For as long as there’s been a mainstream feminist movement, there have been corporations eager to capitalize on women’s desire for empowerment. And simply saying men and women should be treated equally isn’t the slightest bit risky in an era when the economy demands that nearly all women work outside the home and the biggest pop stars in America embrace the term feminist. But empowerment conferences are less a product of this friendly brand of modern feminism than they are the result of changing media business models and the rise of superficial corporate do-gooderism. Consumers are so wary of traditional advertising that one of the only ways for brands to make an end-run around skepticism is to claim, “Hey, we’re doing some good here.” As Unilever has learned with all the free press its “body-positive” Dove ads have gotten, women’s empowerment is a great theme for conscientious advertising — Bitch Magazine co-founder Andi Zeisler calls it “empowertising.” You-go-girl ads appeal to a broad demographic, but unlike championing, say, stricter environmental regulation, they put the onus for change on women themselves, not corporations or society.
What Good Is a ‘Powerful Women’ Conference? - NYmag.com (via annfriedman) - October 16th with 678 notes - Reblog
What Do You Really Mean When You Say ‘Basic Bitch’?→

"Basic-tagging is coolly lazy. It conveys a graduate seminar’s worth of semiotics in five letters […] But why? It seems to me that while what it pretends to criticize is unoriginality of thought and action, most of what basic actually seeks to dismiss is consumption patterns — what you watch, what you drink, what you wear, and what you buy — without dismissing consumption itself.”

October 14th with 24 notes - Reblog

nevver:

Army men yoga

October 5th with 17,033 notes - Reblog
No book generated more passion among its readers than A Tree Grows in Brooklyn, a gritty coming-of-age novel. On a Pacific island, a lucky soldier given a new copy “howled with joy,” but knew he’d have to sleep on top of it if he hoped to hang onto it long enough to finish it. A 20-year-old Marine “went through hell” in two years of combat, but wrote from his stateside hospital bed that the book had made him feel human again. It might, he conceded, be “unusual for a supposedly battle-hardened marine to do such an effeminate thing as weep over a piece of fiction,” but he was now making his way through the book for the third time. In France, the colonel commanding an anti-aircraft battalion being shelled by German artillery found one of his soldiers reading the book between explosions. “He started to read us a portion … and we laughed like hell between bursts. It sure was funny.” The tough West Pointer later found a copy of his own, and was tempted to pull it out and read it while wounded and pinned down by enemy fire. “It was that interesting,” he recalled, in a letter to the publisher.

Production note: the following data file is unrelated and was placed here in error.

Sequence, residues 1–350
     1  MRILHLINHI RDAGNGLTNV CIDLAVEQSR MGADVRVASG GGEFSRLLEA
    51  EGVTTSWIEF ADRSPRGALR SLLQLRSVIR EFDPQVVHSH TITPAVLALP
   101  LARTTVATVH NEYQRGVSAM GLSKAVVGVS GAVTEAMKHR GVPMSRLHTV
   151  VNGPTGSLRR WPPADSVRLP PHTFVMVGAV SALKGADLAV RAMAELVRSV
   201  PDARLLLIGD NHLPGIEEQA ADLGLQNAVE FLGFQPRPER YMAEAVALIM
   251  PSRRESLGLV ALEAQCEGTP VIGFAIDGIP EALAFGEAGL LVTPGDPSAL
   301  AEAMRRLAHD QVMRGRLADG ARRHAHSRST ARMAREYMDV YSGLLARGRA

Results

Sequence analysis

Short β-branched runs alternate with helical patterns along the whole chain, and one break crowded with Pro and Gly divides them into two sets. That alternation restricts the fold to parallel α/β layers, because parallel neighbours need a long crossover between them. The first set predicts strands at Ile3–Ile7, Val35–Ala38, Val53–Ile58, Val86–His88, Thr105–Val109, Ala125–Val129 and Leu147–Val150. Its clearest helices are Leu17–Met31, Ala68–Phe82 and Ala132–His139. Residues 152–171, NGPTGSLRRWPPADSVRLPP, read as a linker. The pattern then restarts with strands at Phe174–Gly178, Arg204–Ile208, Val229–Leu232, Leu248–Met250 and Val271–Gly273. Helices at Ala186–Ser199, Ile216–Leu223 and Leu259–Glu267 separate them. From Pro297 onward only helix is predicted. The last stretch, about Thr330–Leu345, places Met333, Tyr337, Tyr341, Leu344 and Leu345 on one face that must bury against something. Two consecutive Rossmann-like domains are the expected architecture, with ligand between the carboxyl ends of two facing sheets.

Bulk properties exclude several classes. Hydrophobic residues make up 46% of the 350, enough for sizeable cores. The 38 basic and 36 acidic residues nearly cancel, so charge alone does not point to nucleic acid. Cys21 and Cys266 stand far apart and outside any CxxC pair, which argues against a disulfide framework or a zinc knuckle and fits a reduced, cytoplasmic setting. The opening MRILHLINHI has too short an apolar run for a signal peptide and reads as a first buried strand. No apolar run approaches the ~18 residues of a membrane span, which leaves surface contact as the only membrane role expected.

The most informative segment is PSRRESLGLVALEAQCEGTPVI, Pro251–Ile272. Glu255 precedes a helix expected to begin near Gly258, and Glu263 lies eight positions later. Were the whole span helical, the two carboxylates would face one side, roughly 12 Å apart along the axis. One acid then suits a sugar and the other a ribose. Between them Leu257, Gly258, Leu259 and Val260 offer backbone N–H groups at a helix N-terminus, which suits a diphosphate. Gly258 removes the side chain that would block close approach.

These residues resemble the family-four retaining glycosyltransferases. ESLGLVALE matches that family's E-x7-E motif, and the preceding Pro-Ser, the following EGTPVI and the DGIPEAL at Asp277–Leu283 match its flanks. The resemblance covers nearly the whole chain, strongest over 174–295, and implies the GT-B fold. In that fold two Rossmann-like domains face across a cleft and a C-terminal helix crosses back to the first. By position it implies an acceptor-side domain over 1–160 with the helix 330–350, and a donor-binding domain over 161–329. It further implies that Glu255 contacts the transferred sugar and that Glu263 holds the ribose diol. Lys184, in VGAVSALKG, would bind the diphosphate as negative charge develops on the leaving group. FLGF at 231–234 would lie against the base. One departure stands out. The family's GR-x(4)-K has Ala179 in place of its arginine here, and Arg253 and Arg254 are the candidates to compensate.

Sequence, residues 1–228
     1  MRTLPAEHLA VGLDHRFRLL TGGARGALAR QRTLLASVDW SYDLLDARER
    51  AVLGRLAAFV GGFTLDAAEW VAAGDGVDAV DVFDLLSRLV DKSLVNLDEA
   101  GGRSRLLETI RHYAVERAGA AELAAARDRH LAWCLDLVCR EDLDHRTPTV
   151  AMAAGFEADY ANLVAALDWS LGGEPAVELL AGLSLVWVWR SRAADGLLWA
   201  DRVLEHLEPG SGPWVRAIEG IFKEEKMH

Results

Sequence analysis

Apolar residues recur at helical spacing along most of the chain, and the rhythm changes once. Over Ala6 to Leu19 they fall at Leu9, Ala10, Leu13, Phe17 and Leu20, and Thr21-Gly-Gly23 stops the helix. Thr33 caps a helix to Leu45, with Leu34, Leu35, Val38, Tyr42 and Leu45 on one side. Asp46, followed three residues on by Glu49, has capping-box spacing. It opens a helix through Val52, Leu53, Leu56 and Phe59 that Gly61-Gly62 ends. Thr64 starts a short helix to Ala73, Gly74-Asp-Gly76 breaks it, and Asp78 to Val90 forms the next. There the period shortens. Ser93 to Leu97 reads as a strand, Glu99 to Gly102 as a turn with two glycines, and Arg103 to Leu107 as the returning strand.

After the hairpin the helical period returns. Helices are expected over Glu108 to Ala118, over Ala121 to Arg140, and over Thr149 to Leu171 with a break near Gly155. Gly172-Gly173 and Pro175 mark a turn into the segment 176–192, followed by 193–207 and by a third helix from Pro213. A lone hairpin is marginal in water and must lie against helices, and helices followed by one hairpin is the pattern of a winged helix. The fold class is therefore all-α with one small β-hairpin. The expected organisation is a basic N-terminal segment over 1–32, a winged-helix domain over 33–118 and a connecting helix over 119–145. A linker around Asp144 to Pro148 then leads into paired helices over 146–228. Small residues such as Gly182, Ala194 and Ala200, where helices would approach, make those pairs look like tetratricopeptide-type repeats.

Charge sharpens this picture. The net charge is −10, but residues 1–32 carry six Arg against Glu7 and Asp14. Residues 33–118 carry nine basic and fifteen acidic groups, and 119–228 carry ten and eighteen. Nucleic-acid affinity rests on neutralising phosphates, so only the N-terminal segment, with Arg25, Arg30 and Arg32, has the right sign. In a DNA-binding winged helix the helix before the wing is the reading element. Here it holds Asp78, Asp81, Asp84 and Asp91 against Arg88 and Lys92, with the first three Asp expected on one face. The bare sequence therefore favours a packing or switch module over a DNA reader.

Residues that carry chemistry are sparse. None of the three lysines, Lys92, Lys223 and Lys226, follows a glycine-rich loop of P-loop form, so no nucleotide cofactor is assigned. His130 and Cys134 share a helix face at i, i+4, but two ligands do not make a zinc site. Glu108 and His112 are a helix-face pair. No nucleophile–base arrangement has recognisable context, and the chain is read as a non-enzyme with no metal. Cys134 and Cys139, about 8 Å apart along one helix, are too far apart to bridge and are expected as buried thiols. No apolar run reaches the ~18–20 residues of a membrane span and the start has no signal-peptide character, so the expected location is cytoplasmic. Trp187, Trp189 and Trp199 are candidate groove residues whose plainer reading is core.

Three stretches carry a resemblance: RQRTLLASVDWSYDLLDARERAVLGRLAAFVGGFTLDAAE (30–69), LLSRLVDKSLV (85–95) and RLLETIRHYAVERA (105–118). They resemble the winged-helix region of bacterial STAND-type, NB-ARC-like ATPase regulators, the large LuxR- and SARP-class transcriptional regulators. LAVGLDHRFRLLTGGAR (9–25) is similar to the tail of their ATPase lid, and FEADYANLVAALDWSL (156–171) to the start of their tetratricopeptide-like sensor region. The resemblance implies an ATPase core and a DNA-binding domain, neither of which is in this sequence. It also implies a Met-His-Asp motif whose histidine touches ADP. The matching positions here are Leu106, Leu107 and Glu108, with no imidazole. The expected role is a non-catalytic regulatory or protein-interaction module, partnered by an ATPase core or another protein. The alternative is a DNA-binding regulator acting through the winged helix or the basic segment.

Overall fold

no you’re fucking crying (x)

JANET!!

(via stealsmokedfish)

(Source: isabelthespy)

- October 5th with 106 notes - Reblog
fascist:

Sartre and his cat called Nothing.

fascist:

Sartre and his cat called Nothing.

(Source: lugubriousgame)

September 23rd with 2,799 notes - Reblog

September 23rd with 56 notes - Reblog
freundevonfreunden:

Zizek Meets Abercrombie & Fitch
The New Yorker has rediscovered a 2003 Abercrombie & Fitch catalogue which reveals that the editorial team invited contemporary critical theorist Slavoj Zizek to comment on the photos they had prepared. 
Read the full story here. 

freundevonfreunden:

Zizek Meets Abercrombie & Fitch

The New Yorker has rediscovered a 2003 Abercrombie & Fitch catalogue which reveals that the editorial team invited contemporary critical theorist Slavoj Zizek to comment on the photos they had prepared. 

Read the full story here

September 22nd with 2,317 notes - Reblog
euo:

Jenny Holzer.

euo:

Jenny Holzer.

September 22nd with 2,625 notes - Reblog

dogmobile:

Fall 2014 fashion: Scout’s ham costume from To Kill A Mockingbird

image

August 27th with 87,677 notes - Reblog
He lit a cigarette. His glass of whiskey lit a cigarette. “I can only truly love my dead best friend,” he said, “but not in a gay way. Women wouldn’t understand. They’re too gay.” Both of the cigarettes agreed.
from Mallory Ortberg’s hilarious “Male Novelist Jokes.” (via coketalk) - August 27th with 11,205 notes - Reblog